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Miracles and mulch

25 August 2017


ON WEDNESDAY, 30 August, we celebrate the feast day of St Fiacre, patron saint of gardeners. Typically, for a saint of the Dark Ages, it is hard to separate the facts of his life from the legends he inspired.

He is reputed to be the illegitimate son of a Scottish king, born in Ireland, and raised by the monks of Kilferagh monastery in County Kilkenny. He left Ireland in 628, possibly filled with missionary zeal, or merely seeking escape from demands for healing and herbal remedies for which he had earned a reputation. He arrived at Meaux, on the river Marne, east of Paris, where the Bishop St Faro had founded the Monastery of Saint Croix.

Fiacre approached the bishop to ask for land for a garden, and the bishop granted him as much land as he could enclose by digging a ditch in one day. The next morning, Fiacre, starting at his forest clearing, marked out far and wide the piece of land he wanted, by dragging his spade behind him. Where the spade touched, trees toppled, bushes were grubbed out, and the soil was turned over.

Most gardeners face the task of clearing an overgrown area from time to time. Without the sort of miracle that gave our patron saint a head start, it is undoubtedly hard work. It is worth setting about it in a methodical manner, using the right technique without resorting to a chemical weed-killer such as glyphosate, which, while effective, raises environmental concerns.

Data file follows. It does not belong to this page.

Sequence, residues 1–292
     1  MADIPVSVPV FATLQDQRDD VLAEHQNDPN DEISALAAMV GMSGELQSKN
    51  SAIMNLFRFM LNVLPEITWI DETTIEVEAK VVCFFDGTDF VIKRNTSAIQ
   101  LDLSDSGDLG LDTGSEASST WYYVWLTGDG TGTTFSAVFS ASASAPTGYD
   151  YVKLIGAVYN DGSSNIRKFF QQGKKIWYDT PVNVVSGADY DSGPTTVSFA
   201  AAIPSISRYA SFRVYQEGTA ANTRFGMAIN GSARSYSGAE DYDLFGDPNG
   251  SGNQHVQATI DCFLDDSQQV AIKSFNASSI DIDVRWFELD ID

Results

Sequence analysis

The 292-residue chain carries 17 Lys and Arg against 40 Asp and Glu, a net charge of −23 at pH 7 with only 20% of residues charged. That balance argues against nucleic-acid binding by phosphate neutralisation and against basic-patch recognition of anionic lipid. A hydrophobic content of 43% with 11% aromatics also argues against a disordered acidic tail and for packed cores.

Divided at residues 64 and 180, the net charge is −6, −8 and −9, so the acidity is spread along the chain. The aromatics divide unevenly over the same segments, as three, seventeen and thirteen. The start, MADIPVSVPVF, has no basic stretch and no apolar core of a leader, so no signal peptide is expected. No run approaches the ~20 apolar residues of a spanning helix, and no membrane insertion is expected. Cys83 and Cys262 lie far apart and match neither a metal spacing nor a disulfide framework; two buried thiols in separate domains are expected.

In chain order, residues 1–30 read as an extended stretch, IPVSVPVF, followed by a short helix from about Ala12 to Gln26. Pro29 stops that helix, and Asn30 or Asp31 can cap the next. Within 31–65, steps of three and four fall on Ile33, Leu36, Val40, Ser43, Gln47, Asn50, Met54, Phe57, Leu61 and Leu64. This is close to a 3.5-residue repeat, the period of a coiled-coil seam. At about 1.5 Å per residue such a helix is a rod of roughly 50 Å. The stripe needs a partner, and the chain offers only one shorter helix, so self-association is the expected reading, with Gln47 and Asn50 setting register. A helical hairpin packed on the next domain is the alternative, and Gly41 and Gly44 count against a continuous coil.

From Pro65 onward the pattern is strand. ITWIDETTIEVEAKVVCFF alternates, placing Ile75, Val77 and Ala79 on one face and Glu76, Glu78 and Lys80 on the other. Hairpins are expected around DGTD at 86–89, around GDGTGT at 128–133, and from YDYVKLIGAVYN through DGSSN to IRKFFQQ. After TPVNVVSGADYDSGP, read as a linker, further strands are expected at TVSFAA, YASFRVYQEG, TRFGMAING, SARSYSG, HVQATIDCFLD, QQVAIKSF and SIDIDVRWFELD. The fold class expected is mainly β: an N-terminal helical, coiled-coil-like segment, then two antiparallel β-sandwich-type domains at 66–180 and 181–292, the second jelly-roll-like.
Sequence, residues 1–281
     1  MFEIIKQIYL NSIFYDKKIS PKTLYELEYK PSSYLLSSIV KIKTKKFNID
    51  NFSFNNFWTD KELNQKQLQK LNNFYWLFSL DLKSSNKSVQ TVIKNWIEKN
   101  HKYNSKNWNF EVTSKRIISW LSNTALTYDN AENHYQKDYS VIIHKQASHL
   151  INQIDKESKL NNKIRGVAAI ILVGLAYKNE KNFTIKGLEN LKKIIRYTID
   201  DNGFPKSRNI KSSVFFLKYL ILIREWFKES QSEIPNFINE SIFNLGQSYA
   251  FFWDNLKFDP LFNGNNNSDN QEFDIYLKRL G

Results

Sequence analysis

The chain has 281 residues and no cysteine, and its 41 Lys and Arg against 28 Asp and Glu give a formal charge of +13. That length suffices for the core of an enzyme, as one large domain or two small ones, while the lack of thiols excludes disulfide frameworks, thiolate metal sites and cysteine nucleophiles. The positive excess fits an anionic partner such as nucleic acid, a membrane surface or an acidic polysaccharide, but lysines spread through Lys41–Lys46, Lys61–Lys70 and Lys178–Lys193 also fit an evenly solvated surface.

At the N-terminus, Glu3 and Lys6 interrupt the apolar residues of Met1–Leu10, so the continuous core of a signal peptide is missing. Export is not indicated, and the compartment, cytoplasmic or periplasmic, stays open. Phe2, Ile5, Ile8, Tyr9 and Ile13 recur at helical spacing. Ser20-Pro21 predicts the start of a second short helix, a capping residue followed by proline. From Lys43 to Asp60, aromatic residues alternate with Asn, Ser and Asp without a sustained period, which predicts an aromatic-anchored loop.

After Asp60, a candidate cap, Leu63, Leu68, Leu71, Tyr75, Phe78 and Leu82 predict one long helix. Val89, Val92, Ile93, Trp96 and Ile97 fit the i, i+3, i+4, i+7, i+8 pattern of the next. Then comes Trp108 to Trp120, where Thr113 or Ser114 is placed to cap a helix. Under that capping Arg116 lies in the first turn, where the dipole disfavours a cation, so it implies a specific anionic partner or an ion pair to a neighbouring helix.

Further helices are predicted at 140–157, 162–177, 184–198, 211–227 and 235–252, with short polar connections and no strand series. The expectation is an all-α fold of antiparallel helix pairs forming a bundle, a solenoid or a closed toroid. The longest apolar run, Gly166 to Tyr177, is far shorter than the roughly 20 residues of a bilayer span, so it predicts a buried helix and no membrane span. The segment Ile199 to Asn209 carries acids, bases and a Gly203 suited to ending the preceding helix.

A long-neglected garden will present as a jungle of vegetation, which may include tree suckers and seedlings and overgrown shrubs. Work on a defined, manageable area at a time. Remove stumps of saplings by excavating some soil round them and severing their roots with a mattock until they can be pulled out.

Find a knowledgeable gardener to identify the shrubs, if you are not sure, as most will respond well to a severe prune (albeit possibly at the cost of one year’s flowers) and may be worth saving. Equally, there may be a few herbaceous treasures that are worth digging and potting up for future use. Cut down the remaining mixture of weeds and plants with shears or a hefty lawn mower.

You can then layer on the area newspaper at least eight sheets deep or cardboard from boxes, with staples and plastic tape removed. Dampen and cover with organic matter such as straw, grass cuttings, autumn leaves, compost, or leafmould. Leave the mulch for three to six months before forking over and planting.

If garden-making is far from your mind and, instead, you are off on holiday, there are a couple of gardens connected with St Fiacre that are well worth the visit. One is in his country of birth.

The Irish National Stud is a garden of rock and water that celebrates the raw landscapes of Ireland and early monasticism. The other is Château de Valmer, a Royal Horticultural Society partner garden, near Vouvray, in France. Going back a few years, it held an annual festival in the saint’s honour. The gardens are a horticultural wonder, that boast eight spectacular terraces, a rare troglodytic chapel with a 15th-century altar, and a statue of St Fiacre.


Sun 22 May @ 16:59
“The climate crisis is the multiplying factor for all the other crises we face.” https://t.co/FJQyCeFbEX

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